As previously noted, each chapter starts with two quotes. However, the excerpt here doesn't directly relate to Siegelman's legal fees as governor, but rather, the sort of lawyer he was . The letter, shown below, is explained in the excerpt.


     Sometime ago, I publicly announced that I personally would waive any compensation for my involvement in this litigation, but those who hold public office and who have refused to prosecute our state’s claims against tobacco companies continue to suggest that this litigation is somehow designed for my own personal financial benefit. My withdrawal from this lawsuit should terminate these politically motivated criticisms.”
   -- Portion of October 1997 letter Siegelman sent to Montgomery County Circuit Judge Charles Price.

   “Don has never been shy about asking for money, or about the degree of prestige his name carries with it.”
   -- Mobile lawyer Chris Peters, in explaining Siegelman’s reason for demanding that Peters’ law firm pay him a severance package in the neighborhood of $800,000.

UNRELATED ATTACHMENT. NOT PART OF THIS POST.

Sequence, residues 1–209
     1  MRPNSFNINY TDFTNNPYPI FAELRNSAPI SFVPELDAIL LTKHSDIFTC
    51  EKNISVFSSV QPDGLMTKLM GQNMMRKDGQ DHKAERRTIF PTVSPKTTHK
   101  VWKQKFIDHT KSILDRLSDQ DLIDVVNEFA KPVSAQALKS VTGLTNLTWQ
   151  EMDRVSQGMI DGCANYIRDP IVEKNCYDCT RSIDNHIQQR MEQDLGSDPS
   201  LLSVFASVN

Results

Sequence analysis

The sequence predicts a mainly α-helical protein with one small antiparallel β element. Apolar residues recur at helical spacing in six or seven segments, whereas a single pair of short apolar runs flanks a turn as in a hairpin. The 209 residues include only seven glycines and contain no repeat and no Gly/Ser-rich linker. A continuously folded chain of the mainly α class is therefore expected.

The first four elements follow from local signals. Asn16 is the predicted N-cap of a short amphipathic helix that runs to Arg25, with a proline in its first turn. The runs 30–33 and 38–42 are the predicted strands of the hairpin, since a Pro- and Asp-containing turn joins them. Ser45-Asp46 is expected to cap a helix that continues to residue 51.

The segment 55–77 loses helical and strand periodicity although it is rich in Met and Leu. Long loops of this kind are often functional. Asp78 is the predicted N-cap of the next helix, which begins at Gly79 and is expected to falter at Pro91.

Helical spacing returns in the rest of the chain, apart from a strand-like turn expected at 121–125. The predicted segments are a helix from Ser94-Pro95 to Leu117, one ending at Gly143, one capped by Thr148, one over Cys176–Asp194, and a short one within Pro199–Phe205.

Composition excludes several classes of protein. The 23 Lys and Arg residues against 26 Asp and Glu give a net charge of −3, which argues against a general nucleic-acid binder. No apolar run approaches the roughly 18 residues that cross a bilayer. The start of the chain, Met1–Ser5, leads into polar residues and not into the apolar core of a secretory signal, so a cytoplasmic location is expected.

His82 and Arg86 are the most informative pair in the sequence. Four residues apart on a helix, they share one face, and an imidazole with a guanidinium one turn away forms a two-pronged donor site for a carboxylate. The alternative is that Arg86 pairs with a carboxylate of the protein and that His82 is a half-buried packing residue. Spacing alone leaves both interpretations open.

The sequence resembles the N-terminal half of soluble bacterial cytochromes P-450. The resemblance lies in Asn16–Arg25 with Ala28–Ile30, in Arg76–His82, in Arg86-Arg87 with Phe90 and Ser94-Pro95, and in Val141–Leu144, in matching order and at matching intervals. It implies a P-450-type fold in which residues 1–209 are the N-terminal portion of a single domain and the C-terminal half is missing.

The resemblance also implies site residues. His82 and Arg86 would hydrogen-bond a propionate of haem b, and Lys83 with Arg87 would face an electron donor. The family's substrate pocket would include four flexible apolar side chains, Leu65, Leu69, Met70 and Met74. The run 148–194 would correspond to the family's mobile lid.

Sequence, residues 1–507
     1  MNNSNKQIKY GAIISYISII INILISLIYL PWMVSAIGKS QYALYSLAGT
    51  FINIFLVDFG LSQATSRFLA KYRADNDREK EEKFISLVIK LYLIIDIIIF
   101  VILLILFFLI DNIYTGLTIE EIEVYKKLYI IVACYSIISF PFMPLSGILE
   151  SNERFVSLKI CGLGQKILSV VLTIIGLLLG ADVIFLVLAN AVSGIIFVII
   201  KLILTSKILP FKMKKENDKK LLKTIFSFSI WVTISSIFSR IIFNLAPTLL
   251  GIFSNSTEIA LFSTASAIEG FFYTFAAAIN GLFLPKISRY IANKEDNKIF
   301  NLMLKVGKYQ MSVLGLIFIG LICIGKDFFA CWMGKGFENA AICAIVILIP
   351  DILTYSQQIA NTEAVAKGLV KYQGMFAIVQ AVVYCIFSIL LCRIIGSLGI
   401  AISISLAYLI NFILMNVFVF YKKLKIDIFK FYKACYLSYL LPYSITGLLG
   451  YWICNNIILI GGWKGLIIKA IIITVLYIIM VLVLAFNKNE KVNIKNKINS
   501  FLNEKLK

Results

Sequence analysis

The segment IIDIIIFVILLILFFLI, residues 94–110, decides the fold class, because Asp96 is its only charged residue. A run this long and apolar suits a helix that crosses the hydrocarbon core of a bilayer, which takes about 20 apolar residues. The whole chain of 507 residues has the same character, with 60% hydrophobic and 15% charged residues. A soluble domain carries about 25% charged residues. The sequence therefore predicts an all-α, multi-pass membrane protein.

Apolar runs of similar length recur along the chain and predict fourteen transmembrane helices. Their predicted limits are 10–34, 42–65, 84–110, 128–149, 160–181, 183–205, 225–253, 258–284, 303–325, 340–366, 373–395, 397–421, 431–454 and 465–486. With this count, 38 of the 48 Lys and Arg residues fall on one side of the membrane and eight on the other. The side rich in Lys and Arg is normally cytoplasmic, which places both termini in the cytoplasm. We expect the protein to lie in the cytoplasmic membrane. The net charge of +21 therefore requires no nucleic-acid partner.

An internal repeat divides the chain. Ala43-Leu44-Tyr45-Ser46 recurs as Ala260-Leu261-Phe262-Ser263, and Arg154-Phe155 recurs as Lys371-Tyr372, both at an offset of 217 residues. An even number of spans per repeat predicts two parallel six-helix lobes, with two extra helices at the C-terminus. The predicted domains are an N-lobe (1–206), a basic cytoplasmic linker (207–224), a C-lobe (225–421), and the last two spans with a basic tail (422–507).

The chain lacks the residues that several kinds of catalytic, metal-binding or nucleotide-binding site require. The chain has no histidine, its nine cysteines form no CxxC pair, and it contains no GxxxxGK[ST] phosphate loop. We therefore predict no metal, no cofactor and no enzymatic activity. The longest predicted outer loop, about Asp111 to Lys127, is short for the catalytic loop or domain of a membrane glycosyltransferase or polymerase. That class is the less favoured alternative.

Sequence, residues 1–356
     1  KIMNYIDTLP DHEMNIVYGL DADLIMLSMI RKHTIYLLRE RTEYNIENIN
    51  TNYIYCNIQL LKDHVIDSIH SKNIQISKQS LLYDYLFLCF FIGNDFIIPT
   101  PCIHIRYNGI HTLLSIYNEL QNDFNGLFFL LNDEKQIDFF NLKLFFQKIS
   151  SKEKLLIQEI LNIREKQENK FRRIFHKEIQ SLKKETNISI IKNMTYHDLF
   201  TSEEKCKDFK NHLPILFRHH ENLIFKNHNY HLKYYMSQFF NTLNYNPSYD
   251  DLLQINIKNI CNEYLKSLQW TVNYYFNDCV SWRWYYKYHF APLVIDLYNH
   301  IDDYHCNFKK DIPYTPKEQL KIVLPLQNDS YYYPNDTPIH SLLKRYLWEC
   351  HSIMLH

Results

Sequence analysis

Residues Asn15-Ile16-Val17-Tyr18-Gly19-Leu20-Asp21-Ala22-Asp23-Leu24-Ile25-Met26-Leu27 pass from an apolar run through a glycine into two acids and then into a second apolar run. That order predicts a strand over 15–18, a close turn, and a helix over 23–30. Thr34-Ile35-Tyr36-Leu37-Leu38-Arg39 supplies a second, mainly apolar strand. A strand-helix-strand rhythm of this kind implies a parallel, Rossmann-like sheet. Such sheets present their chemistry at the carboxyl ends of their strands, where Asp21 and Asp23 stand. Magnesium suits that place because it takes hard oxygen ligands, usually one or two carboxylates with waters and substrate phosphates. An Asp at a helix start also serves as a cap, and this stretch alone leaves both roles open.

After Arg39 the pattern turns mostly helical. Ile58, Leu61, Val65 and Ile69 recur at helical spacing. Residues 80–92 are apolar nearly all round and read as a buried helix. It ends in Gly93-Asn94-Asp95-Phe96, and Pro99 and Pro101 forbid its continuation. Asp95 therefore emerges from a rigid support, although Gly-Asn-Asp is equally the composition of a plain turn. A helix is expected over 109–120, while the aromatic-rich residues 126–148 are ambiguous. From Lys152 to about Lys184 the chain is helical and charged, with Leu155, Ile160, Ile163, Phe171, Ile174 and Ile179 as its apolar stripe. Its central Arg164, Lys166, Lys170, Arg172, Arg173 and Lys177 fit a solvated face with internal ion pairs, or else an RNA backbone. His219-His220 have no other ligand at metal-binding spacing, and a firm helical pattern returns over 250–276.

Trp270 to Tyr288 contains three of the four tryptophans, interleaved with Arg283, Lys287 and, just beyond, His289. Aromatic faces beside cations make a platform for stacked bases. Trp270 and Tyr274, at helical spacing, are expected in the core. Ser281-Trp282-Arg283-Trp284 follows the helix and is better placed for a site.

On a Sunday night in June 1996, Todd Cunningham ran out of gas on Interstate 85 just east of Montgomery. Leaving his wife and two young sons in the car, the 30-year-old contractor took off with a plastic jug in hand. It was close to 9 p.m. and dark when Cunningham started walking down a service road to the nearest gas station.
Later that night, Howard Fitts, an inmate from the Montgomery Work Release Center, told prison officials that the blood on the van came from a deer he’d run over. His story didn’t survive the subsequent discovery of Cunningham’s body.
      The next morning, Cunningham’s parents returned home from comforting their daughter-in-law to find among their many phone messages one from Nick Bailey. He’d introduced himself as an aide to the lieutenant governor, left a number and asked the Cunninghams to call Siegelman.